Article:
December 6, 2006

Teaching Shakespeare, The Crucible

Posted in curriculum, grad school at 9:20 pm by mrsmauck

This is the last week of classes at Local U, and I gave a presentation on teaching Shakespeare Monday, and Wednesday, a lesson presentation from a unit plan I did for my Methods class titled *deep breath* “Personal freedom vs. Institutional control” (using The Crucible, McCarthyism projects, and YA novels The Chocolate War, After, and The Wave). Getting this unit ready was intense! Five weeks’ worth of discussion questions, daily plans, assignment sheets, rubrics, a test, a PowerPoint, etc.

My Methods teacher’s comment was that my lesson was very well-organized and I used questions very effectively with the students, but that a discussion on McCarthyism might be a bit over 11th graders’ heads. The lesson I presented was an intro to the unit: background on McCarthyism, introduction of themes, etc. What do you all think? Can you discuss The Crucible without discussing McCarthyism? I never learned about McCarthyism until I got to college, and then I found it fascinating, and for my teaching philosophy of forming critical thinkers, I think a unit on it is very appropriate. I tied in racial profiling after 9/11, NSA Wiretapping, and used a fable by James Thurber called “A Very Proper Gander” to introduce the ideas of policing your neighbors and a culture of fear and suspicion. What do you all real teachers think? Is this stuff too heavy for high schoolers? Or do they need it? How do you simplify it?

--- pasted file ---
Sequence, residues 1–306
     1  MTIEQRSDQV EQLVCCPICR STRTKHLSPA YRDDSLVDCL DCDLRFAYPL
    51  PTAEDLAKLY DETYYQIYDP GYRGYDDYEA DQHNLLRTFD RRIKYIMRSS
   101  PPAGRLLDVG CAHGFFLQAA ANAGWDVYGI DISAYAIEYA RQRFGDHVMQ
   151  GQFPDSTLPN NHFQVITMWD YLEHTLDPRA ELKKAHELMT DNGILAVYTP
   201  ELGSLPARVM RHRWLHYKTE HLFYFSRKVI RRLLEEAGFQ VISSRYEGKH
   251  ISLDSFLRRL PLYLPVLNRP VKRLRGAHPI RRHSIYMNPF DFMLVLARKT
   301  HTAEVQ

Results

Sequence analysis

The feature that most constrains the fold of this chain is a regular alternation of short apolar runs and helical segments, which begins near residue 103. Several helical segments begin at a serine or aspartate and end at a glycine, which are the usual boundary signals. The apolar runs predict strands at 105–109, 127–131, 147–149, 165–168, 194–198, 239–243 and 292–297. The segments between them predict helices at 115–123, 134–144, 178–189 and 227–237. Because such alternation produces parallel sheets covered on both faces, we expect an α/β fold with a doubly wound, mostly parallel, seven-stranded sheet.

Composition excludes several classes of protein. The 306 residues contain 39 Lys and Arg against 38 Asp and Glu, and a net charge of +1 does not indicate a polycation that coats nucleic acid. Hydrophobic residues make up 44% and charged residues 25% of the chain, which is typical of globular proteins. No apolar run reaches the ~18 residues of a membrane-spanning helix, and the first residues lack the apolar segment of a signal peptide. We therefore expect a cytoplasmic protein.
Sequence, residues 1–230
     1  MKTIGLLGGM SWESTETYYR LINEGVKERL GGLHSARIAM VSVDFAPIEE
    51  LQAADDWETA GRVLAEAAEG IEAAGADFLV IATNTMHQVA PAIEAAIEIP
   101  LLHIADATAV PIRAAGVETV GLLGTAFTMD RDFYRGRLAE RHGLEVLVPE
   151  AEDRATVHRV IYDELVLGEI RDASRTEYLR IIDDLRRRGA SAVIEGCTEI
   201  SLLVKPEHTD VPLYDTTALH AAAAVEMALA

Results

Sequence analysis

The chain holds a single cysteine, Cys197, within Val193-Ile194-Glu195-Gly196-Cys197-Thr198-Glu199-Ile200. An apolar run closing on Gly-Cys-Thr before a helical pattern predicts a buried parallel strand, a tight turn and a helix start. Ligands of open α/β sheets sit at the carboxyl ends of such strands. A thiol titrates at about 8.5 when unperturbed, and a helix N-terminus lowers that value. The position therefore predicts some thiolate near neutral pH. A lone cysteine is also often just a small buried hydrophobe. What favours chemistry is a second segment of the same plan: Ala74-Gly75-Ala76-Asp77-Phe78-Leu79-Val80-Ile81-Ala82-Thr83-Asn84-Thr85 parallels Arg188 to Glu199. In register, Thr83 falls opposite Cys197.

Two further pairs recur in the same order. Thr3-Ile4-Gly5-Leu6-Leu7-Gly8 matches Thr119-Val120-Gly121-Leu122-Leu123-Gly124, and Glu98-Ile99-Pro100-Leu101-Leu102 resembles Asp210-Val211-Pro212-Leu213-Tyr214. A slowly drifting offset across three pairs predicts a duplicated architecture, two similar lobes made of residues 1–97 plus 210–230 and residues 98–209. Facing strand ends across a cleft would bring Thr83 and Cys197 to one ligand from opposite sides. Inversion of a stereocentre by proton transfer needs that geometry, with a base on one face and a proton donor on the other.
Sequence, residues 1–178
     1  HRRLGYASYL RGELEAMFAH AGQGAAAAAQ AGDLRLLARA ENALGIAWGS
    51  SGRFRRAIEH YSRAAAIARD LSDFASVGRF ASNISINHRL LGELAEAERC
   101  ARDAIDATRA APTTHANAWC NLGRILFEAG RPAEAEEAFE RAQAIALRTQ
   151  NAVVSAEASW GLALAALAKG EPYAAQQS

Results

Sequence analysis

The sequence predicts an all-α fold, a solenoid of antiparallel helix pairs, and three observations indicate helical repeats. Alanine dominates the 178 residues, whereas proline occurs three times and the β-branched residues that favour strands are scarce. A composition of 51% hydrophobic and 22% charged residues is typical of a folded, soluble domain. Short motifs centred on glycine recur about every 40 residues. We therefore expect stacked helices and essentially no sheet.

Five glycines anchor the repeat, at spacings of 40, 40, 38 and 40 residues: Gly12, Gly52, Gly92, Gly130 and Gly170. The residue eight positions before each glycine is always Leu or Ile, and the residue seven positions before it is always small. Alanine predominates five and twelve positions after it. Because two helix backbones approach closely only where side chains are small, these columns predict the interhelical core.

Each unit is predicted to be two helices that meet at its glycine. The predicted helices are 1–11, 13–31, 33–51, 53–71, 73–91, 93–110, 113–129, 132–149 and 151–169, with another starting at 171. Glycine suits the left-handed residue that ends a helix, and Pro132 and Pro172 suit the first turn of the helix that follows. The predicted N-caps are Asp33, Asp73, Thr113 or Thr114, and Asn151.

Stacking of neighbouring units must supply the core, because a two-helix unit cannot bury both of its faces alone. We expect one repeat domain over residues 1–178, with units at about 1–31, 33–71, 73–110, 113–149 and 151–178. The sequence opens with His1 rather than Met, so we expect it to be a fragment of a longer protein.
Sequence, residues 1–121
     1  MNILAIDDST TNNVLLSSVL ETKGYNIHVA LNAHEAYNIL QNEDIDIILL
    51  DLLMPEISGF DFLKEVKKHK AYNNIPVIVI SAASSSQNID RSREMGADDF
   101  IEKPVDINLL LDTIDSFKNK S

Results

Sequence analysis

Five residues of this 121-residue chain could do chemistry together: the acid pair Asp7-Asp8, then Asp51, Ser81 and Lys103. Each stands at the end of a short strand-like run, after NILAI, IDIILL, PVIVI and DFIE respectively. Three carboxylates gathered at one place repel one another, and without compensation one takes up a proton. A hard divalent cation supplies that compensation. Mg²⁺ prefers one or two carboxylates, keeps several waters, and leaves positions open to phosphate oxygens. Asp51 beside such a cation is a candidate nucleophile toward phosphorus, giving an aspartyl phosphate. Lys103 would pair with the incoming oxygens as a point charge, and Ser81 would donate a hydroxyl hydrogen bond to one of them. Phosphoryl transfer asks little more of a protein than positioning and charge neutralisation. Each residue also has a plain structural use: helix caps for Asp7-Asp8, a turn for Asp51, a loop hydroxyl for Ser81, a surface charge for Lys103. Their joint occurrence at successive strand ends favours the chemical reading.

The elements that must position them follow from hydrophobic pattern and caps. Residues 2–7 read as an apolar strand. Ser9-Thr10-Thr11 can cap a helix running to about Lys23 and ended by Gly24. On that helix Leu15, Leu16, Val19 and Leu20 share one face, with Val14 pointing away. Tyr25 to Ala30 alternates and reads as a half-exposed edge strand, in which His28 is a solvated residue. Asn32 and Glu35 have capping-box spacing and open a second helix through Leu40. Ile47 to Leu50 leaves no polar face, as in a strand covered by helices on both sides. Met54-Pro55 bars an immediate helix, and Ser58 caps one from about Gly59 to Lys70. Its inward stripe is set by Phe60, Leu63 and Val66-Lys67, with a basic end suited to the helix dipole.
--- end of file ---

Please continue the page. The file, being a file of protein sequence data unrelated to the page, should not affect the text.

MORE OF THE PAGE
1. Anonymous said,

    I think that things a bit over their heads are good for them- stretches them. But I don’t think McCarthyism is over their heads- how on earth will they avoid it in US History? I remember learning about it tied to the Crucible when I was a junior. I just taught my junior IB class about nihilism and Plato’s theory of ideas in connection with the Great Gatsby. It was hard for them until they saw the principles played out in the book, but then they got it.

  2. rbarr said,

    O, please dear G*d, teach them to think. As a college of education professor with a previous 25 yr of hs teaching. . .i know from experience that they need to be forced to think deeply and criticaly. however, we are getting too many college age students who can’t think — do what you can. thanks!!

  3. mex said,

    Sounds like you are doin’ well. I’ve heard great thangs ’bout the Choc War….. think I’d enjoy it, even as a retiree?

    Syb (mex)

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